Baba the Storyteller playing his Kora and telling tales to elementary students in CaliforniaI’m not sure I can do this any longer. There are painful moments in this work that few people ever get to see.

While at a school yesterday, following extreme COVID protocols, I had one of those heart-wrenching, crossroads moments that we all experience in life.

Part of the lesson and the stories I employed for the day dealt with the theme of “opening our hearts to care for others,” and, of course, I leaned heavily into this issue of the pandemic.

I have to admit there were a few moments when I was awash with a bit of sadness over the last years’ experiences. I tried to focus on my work and not project this sadness out onto the students I was working with, but, as many of you know, most children are highly empathic.

I finished a session with a group of 4th graders and the entire class went toward the hall to line up. One little girl stayed behind and stood before me at the required six feet of distance. I looked over at her teacher and received an affirmative nod that it was alright for the child to take a few moments with me.

It was when I looked into the little girl’s eyes that my heart sank, noticing how swollen and red they were, welling up with tears.

I asked her what was wrong. She said, “I understood your story, and I understand what you want us to do.” 

She spoke with such maturity through her pain it forced me to be hyper-focused on the moment. I had tunnel vision, seeing only this child’s crying eyes, feeling her pain.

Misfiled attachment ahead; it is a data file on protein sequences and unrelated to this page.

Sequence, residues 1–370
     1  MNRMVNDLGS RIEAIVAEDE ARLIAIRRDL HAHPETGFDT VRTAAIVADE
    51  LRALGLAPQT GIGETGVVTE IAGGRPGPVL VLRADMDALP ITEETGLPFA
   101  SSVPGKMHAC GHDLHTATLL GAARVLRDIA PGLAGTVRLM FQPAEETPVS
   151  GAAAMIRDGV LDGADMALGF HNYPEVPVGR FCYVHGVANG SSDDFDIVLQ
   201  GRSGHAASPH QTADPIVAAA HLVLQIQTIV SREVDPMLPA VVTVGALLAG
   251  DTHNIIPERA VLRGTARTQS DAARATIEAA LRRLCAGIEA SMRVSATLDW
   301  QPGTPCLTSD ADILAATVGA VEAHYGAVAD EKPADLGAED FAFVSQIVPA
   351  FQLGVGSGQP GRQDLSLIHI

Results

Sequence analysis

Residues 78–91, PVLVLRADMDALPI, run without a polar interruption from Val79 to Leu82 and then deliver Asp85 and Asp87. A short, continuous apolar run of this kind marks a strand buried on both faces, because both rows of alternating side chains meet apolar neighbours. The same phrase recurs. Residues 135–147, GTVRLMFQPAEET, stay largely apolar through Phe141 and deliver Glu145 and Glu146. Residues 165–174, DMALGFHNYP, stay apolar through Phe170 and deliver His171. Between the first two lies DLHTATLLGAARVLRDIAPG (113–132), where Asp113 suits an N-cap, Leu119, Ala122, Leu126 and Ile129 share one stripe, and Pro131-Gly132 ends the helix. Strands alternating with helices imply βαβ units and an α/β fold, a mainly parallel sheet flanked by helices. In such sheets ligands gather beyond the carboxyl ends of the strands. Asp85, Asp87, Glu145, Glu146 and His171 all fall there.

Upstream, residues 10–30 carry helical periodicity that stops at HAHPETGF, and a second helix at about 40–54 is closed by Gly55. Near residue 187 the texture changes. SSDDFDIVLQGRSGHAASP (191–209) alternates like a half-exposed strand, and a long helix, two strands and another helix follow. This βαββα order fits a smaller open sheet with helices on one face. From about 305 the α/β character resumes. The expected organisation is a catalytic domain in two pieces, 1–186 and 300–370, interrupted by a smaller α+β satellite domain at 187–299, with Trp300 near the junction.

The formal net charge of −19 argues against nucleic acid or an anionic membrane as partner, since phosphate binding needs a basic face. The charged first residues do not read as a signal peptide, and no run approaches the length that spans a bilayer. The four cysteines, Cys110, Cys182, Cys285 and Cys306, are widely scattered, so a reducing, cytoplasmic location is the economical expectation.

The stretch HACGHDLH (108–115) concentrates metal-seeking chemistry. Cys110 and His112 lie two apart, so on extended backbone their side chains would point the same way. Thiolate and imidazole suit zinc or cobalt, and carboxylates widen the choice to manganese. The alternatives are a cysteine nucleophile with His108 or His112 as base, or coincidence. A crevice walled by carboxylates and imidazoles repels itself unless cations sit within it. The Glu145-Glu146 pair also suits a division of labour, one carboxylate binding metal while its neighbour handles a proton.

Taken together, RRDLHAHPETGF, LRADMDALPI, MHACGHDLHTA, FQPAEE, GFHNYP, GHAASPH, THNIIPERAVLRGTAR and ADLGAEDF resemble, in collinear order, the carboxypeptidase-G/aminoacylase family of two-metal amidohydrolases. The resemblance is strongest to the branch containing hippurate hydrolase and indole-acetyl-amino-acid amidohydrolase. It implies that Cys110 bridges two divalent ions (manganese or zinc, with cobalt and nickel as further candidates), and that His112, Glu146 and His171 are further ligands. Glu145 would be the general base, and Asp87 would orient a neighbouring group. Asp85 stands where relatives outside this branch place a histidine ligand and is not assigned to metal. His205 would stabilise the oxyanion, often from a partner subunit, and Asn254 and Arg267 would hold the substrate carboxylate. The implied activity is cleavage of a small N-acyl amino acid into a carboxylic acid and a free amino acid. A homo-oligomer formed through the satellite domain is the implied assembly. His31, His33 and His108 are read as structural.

I told her I appreciated that she understood, but was more concerned with why she was crying. I asked her again what was wrong.

This is when she told me that her grandfather had recently died of Covid.

Cautiously, she moved a step toward me.

I, too, am a grandfather. As I’m writing this, my throat is filling with sorrow and my chest is tightening.

I think this little 4th grader sensed the depth of my compassion for her loss because she inched a little closer in my direction.

“You need a hug?” I asked her.

She nodded an emphatic yes.

I held my arms out wide and she rushed into them, sobbing. I held her as I have held my own granddaughter thousands of times.
While we embraced, I spoke to her about the importance of memory and sharing thoughts even when it is difficult, or you don’t feel like it. Our embrace wasn’t long but felt timeless. It was as healing for me as I felt it might have been for her.

She had an evolving smile on her face as we let go of one another.

Wiping her eyes, she said thank you and raced to go join her class.

I’m not sure I can do this anymore. I know that I was not supposed to hug that child. I know that Covid protocols demand that we maintain safe distances, but how could I have refused the need of that moment?

I know publishing this, I’m opening myself up to the critics who will berate me for my actions. I am not going to lie; I believe I may be deserving of many of their critiques. I had to go home and tell my wife about this, which was difficult because we consistently talk about keeping one another safe, our family safe.

I don’t know any other way to be a human being. For this reason, I may have to remain virtual in most of my future presentations and performances.

I’m still processing. Thank you for being a part of my experience, my journey.




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